Delivering excellent client service is a critical commitment for successful ad agencies and marketing firms. But we heard recently from an agency principal that his AEs attend even routine client meetings with an entourage of other agency people. He’s been wondering how to address the issue since it is beginning to cause problems:
- Too many production and creative people away from their desks.
- Too much time we cannot really bill.
- Too much “admin” time in already tight estimates.
Meet with AEs, Then the Team
Meet with the AEs who use team service most often. Discuss why they choose to take extra people to meetings that are not full-scale pitches, and why they need to be selective about the practice. If a lack of confidence seems to be the issue, address training needs.
Then gather up the reins and pull the rest of the team back into their proper roles. Explain why you want to reduce or limit the number of group visits to clients—productivity, scheduling, estimating overruns, etc. Lost billing and efficiency can negatively affect agency stability, and jeopardize end-of-year bonuses or profit sharing. Worse, these can disrupt key priorities in your agency business plan. When everyone sees the problem, they are more likely to support the change needed to solve it.
Train Your AEs
A lack of confidence may be the issue if your account executives seem afraid to fly solo. Invest in training with particular attention to selling skills, presenting creative, asking strategic planning questions and building relationships with clients. Selling and presentations skills training would also be valuable to creative, media and account planning employees.
Mentor Your People
Mentoring is also a good way to brace up an under-confident AE. The agency principal or account supervisor should join the AE on visits to key clients, and make sure the AE is not just as an observer, but looped into conversations,. When they become stronger participants and contributors, the agency leader can ease back out of the relationship except for periodic check-ins or troubleshooting.
Test for Aptitude
Your AE may simply be a bad fit for the job. Think about having your AE take a personality assessment. It’s a good HR practice to do this in conjunction with the annual review or salary adjustment, or have everyone in the agency (including the principal!) take the test. It can be quite eye-opening to learn how your personality fits—or doesn’t fit—your job description and duties. But back to the AEs…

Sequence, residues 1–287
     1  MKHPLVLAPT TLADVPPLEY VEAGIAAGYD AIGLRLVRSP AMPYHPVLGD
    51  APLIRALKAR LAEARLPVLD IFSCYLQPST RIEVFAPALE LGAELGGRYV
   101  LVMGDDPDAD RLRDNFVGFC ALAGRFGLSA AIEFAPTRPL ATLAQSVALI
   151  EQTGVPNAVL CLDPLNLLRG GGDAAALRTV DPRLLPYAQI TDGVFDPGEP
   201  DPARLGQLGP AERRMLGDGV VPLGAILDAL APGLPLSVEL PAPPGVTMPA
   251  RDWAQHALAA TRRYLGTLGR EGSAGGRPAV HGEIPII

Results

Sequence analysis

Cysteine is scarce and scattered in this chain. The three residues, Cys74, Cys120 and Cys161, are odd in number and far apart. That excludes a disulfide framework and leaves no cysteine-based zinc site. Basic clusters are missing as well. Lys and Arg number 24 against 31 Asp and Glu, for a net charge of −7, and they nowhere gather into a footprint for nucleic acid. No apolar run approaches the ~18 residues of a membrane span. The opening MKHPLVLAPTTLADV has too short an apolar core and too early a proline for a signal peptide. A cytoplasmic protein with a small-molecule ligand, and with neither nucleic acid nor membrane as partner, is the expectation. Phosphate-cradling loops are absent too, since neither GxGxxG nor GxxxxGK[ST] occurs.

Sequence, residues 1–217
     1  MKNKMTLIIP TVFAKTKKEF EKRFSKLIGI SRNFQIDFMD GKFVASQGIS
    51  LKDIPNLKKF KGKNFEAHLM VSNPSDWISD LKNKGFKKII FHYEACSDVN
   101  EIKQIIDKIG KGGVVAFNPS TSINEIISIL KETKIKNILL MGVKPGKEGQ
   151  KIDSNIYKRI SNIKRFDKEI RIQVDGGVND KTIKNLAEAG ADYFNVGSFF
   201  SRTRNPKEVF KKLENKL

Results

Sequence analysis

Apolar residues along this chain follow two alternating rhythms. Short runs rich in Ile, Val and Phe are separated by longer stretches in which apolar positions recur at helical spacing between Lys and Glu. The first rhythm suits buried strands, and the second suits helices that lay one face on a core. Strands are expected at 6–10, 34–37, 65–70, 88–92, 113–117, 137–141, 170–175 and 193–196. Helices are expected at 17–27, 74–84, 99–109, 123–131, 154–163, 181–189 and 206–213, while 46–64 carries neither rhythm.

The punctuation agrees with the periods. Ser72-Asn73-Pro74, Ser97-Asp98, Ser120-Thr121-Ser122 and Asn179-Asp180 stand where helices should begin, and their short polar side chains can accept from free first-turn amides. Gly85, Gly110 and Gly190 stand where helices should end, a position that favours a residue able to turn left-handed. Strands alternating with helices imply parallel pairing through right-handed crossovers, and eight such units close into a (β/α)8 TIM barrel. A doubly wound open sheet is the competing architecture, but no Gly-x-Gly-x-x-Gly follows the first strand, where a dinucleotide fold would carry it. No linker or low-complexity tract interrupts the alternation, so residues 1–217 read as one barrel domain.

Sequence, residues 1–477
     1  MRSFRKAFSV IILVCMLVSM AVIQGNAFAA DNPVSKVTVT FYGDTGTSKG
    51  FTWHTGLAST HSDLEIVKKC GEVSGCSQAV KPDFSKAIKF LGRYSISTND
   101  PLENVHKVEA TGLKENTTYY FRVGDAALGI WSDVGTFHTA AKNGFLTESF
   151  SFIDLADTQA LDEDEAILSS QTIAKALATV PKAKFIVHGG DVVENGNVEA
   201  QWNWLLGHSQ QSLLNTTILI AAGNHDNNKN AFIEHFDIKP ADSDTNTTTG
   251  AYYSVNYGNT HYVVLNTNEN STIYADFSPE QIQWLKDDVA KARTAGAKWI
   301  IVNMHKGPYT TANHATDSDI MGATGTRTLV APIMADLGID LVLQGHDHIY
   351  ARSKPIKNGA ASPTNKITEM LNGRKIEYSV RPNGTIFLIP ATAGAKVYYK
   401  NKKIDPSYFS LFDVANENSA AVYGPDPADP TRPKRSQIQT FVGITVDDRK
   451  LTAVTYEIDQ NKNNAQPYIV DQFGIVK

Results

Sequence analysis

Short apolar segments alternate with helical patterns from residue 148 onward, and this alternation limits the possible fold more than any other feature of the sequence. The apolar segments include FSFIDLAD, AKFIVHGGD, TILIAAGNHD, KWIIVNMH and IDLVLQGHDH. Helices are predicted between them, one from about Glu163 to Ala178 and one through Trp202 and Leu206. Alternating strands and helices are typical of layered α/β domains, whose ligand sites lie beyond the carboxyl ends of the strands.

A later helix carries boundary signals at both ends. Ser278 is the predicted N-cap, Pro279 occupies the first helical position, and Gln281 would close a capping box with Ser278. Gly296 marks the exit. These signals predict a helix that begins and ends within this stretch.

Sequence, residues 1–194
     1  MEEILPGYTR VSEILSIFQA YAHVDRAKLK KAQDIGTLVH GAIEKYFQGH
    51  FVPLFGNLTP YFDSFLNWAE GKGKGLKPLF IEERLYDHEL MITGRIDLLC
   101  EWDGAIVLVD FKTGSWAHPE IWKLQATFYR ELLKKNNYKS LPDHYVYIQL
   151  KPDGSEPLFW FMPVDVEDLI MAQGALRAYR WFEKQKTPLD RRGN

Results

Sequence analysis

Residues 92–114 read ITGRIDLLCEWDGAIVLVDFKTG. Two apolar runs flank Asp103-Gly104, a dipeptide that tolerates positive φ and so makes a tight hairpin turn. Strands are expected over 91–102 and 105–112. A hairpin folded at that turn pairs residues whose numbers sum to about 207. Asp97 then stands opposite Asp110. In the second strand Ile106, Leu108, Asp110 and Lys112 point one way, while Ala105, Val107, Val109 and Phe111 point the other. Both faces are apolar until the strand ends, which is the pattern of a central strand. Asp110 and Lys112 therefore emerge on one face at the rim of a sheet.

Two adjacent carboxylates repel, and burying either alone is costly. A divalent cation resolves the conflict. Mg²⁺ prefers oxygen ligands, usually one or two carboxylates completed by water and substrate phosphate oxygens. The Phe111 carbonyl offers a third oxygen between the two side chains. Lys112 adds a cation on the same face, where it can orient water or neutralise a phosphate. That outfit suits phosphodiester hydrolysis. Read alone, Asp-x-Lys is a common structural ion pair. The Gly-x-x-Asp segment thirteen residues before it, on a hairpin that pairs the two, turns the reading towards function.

If your AE proves to have a temperament not well-suited to the role of client service and building relationships, you may want to shift that person to an internal agency role and try someone else in the AE job.
Millennials Are Team Players
The team service issue may be a generational thing. Millennials were raised with the idea of being team players, working in collaboration, with ingrained sharing/social mindsets. Retraining them to become more independent players may seem counter-intuitive, but for an agency to function and get the work done, everyone has a role to play. Often, the individual role is more critical than the team role for delivering efficiency and helping the agency achieve billing and profit goals.
If necessary, offer examples of situations where team meetings with clients may be appropriate—and when they are not just inappropriate, but unnecessary. Help your people become better at judging when they should attend client meetings, and when other priorities should take first place.
Make up for the loss of team participation by scheduling more internal team bonding events. Also, include clients in some events, so employees can interact with clients in non-work activities, like civic functions or charitable efforts.
Develop Better Planning Skills
Help your AEs develop better judgment and advance planning skills regarding people needs. The only real reason to bring an entourage is for a big meeting—too many client-side people in the room for one individual to answer all questions. AEs need to pinpoint specifically who they will be meeting with advance, avoiding any “today, the senior management team from corporate will be joining us” meeting day surprises.
In defense of the lonely AE, your AEs may have certain clients who like to pack the room. In these situations, have them plan in advance to team up with another AE to even the playing field, rather than emptying out the agency to visit the client en masse. Many times, an entourage is not appropriate for a specific client venue; it can actually overwhelm the client, like playing with a full band when a duo can function just as well.
Strong team bonds make for a strong agency culture. Just make sure that the team ethos isn’t detrimental to getting stuff done. Every team needs a leader—step up and coach them to better client service practices, and your solo fliers will gain the confidence to do their best for the agency… and maybe become prospects for future agency leadership.
See also: Is It Time for Team Service?